With this in mind, do we still believe that it's not wrong (or less wrong? :D) to assume a normal distribution, make our calculations and decide how much you'd bet that the mean of the next 100,000 samples is in the range -100..100?

That depends on the probability that the coin flipper chooses a Cauchy distribution. If this were a real experiment then you'd have to take into account unwieldy facts about human psychology, physics of coin flips, and so on. Cox's theorem tells us that in this case there is a unique answer in the form of a probability, but it doesn't guarantee that we have time, resources, or inclination to actually calculate it. If you want to avoid all those kinds of complicated facts then you can start from some reasonable mathematical assumptions such as a normal distribution over p - but if your assumptions are wrong then don't be surprised when your conclusions turn out wrong.

Thanks for this, it really helped.

it doesn't guarantee that we have time, resources, or inclination to actually calculate it

Here's how I understand this point, that finally made things clearer:

Yes, there exists a more accurate answer, and we might even be able to discover it by investing some time. But until we do, the fact that such an answer exists is completely irrelevant. It is orthogonal to the problem.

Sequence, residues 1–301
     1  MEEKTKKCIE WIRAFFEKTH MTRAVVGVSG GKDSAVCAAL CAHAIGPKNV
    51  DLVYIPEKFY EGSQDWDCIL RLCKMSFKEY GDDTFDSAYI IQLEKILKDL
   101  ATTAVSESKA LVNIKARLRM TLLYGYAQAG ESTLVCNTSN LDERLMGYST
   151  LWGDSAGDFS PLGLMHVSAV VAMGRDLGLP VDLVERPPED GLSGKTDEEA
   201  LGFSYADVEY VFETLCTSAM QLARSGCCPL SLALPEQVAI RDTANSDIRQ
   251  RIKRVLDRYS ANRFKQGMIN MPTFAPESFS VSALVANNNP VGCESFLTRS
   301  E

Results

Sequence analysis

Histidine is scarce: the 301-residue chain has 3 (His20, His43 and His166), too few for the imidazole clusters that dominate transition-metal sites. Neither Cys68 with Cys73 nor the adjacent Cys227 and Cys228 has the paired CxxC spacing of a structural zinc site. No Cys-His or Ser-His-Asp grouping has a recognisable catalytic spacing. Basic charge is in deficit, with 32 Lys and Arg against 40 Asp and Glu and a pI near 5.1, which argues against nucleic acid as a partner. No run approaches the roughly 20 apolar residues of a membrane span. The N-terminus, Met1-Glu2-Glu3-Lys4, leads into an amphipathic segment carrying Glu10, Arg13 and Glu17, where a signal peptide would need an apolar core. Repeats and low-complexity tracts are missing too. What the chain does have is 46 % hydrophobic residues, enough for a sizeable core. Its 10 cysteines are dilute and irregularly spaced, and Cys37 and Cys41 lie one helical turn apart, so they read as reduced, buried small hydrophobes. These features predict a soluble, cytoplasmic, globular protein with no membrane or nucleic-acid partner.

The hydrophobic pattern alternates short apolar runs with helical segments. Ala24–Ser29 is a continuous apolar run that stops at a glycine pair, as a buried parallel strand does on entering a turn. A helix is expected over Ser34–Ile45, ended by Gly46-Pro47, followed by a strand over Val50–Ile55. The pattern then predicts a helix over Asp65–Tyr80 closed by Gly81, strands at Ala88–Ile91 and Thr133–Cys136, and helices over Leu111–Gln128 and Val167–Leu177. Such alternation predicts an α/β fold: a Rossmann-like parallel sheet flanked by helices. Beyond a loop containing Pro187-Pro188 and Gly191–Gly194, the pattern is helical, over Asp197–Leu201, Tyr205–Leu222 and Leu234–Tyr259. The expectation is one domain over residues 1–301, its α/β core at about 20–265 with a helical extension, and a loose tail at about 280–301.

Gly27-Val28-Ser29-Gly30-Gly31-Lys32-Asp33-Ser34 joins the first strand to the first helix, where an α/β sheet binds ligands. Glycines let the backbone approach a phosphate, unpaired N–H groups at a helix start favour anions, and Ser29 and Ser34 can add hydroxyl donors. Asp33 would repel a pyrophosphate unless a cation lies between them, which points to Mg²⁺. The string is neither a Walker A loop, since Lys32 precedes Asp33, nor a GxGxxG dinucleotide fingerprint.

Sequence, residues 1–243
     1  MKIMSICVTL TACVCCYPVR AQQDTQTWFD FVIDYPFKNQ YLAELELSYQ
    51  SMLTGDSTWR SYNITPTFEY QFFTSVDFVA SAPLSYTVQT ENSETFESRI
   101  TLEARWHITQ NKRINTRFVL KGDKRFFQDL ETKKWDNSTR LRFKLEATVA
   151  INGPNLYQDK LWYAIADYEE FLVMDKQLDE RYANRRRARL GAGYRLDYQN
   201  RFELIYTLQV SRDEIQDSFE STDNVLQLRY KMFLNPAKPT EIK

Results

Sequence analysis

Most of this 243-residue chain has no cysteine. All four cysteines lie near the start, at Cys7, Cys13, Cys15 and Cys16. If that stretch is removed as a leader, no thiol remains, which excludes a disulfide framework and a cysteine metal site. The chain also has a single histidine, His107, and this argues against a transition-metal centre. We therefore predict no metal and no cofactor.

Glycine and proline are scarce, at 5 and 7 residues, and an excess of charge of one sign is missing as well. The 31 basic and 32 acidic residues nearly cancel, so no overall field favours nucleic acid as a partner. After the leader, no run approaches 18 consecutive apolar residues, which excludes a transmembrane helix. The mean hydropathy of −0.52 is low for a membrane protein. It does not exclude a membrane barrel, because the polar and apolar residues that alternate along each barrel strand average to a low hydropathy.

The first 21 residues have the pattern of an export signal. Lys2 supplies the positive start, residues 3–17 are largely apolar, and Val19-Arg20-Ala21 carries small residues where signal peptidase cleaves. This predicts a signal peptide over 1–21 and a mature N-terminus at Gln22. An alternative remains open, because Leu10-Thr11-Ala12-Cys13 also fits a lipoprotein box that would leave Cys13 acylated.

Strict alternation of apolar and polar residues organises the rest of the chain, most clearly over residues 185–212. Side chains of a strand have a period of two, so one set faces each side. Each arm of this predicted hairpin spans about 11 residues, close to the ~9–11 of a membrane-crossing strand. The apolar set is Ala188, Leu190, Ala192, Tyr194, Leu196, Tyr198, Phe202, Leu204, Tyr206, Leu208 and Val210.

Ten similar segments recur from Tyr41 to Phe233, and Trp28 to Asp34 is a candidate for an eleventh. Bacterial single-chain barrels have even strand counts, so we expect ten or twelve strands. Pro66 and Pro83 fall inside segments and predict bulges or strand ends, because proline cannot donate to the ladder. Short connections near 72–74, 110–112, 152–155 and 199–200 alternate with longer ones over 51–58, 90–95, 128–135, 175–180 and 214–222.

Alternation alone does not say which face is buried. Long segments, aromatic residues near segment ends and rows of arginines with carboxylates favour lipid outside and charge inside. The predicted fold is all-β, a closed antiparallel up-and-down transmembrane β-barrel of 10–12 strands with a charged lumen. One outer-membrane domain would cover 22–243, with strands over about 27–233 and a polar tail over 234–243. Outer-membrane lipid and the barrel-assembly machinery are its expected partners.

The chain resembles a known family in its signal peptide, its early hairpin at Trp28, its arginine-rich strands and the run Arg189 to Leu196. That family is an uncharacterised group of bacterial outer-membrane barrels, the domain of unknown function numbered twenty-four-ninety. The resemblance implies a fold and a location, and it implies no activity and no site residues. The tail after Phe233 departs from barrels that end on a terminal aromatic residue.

In other words, doing the calculations would give us more information to base our prediction on, but knowing that we can do the calculation doesn't change it in the slightest.

Thus, we are justified to treat this as "don't know at all", even though it seems that we do know something.

Probability is in the mind

Great read, and I think things have finally fit into the right places in my head. Now I just need to learn to guesstimate what the maximum entropy distribution might look like for a given set of facts :)

Well, that and how to actually churn out confidence intervals and expected values for experiments like this one, so that I know how much to bet given a particular set of knowledge.

Here is one interesting post about how to encourage our brains to output specific probabilities: http://lesswrong.com/lw/3m6/techniques_for_probability_estimates/

Actually I didn't explain that middle bit well at all. Just see http://lesswrong.com/lw/oi/mind_projection_fallacy/

I.e. one that is calibrated so that if you pay your expected winnings every time and we perform this experiment lots of times then your average winnings will be zero - assuming I'm using the same source of unfair coins each time.

This may be tangential, but how do you run this experiment lots of times? If you just abort the runs where you get any tails among the initial 100 throws, then I think seeing 100 heads in a row doesn't mean anything much.

I see the point you're making about observation selection effects but surely in this case it doesn't flatten the posterior very much. Of all the times you see a coin come up heads 100 times in a row, most of them will be for coins with p(heads) close to 1, even if you are discarding all other runs. That's assuming you select coins independently for each run.

Hmm perhaps I mis-read the post. I was assuming he was picking a single coin and flipping it 100 times.